A Question about Entryway Tile

Sometime in the next couple weeks, we’re going to have all of the hardwood floors refinished. We considered doing this project ourselves, but after getting a couple of quotes, and considering the amount of time it would take us to 1) figure out how to do it ourselves and 2) actually do it ourselves, it just makes sense right now for us to hire someone to do it for us. Mel is heading out of town for a week in a bit, and she’s taking 10-month-old KP with her, so it seems like a perfect time for us all to clear out of the house for a few days and let the professionals tackle this one.

But now I have a question that I need help from the great & wise internet to answer:

What should we do with our entryway?

Our entryway is about 4’x6′, and this is what it has looked like since we bought the place:

Dated Tile

This really dated tile is typical ceramic tile laid down directly on top of the original hardwood floors. They are in rough shape. Many of the tiles have been loose and falling off. Also, it’s kind of awkward that the coat closet just off the entryway is still the original wood, resulting in an awkward island of hardwood:


Yesterday, we took a couple hours yesterday and removed the old tile. It came right up since it was falling off anyway. Some of the old mortar was still stuck to the floor, but it was in pretty poor shape, too. We took a belt sander to it and it pretty much came right off. We had no trouble sanding right through it to the original hardwood. We didn’t put much effort into the sanding it since we figured we’d just let the professionals do it when they sand the rest of the floors anyway. Here’s what it looks like right now:

Original Hardwood Entryway

So here’s my question for all of you DIY’ers out there: What should we do now?

Here are the options I’ve come up with:

1) Refinish the entryway to match the rest of the hardwoods everywhere else on the main floor. The wood looks like it’s in surprisingly good shape for being directly in front of a door in Minnesota where it was undoubtedly soaked by snowy boots hundreds of times. We won’t know for sure if the pros will be able to get all the mortar off until they try it, but I think this is a realistic option. However, we kind of want tile here, since this is where we will put all of our snowy boots.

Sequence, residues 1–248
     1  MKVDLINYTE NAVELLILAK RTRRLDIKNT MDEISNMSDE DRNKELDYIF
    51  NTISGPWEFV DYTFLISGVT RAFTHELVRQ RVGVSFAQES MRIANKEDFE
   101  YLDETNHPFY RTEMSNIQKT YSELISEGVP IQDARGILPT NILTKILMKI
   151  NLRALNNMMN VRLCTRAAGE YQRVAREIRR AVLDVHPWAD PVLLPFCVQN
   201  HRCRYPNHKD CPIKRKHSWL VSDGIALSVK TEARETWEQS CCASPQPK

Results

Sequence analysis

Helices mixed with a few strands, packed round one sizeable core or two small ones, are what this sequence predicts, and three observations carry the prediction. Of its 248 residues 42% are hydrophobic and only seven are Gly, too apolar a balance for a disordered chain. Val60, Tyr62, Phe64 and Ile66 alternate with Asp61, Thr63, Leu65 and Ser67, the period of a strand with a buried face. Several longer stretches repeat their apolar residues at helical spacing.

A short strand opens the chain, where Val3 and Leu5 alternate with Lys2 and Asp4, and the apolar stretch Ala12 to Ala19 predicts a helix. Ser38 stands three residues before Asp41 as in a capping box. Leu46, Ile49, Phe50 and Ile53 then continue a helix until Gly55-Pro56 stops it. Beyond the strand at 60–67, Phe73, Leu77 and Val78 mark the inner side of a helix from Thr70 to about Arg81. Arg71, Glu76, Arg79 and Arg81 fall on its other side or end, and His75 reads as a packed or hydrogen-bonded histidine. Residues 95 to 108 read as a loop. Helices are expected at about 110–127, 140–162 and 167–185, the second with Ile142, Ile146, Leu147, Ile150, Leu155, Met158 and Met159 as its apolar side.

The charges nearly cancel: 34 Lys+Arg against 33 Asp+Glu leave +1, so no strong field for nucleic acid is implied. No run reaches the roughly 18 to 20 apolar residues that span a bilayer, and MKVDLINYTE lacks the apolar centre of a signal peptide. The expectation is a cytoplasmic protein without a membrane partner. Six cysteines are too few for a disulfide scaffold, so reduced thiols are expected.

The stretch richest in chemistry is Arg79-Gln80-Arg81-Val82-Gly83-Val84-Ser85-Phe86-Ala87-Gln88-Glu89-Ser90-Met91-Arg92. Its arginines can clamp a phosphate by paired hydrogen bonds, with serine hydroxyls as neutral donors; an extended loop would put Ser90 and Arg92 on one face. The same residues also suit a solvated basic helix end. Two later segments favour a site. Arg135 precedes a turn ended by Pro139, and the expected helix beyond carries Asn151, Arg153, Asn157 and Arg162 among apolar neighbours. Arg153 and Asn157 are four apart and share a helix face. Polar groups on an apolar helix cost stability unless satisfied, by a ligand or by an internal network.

2) Place new tile directly over the existing hardwoods. Any pro tiler will advise against this, arguing that the the hardwoods expanding and contracting will cause the tile to break up. The good part about this option is that it doesn’t raise the finished height of the floor too much…

3) Place new tile on new backerboard over the existing hardwoods. This would provide a solid bet for tile, but would raise the finished floor a full inch (or more) above the hardwoods. We might have to cut off the bottoms of the two doors there to provide clearance (and since one of the doors is an exterior door, we’d have to compensate for a shorter door by doing something to the threshold.

4) Remove the hardwoods in the entryway. This would allow us to provide a proper base for the tile. The drawback is just that we’d have to remove some of the original hardwoods. I can hear the sound of tears falling from thousands of old-house-lovers already!

A related question: regardless of which option we choose, what should we do about the connected coat closet? Tile? or leave it hardwood?

What do you recommend, internet?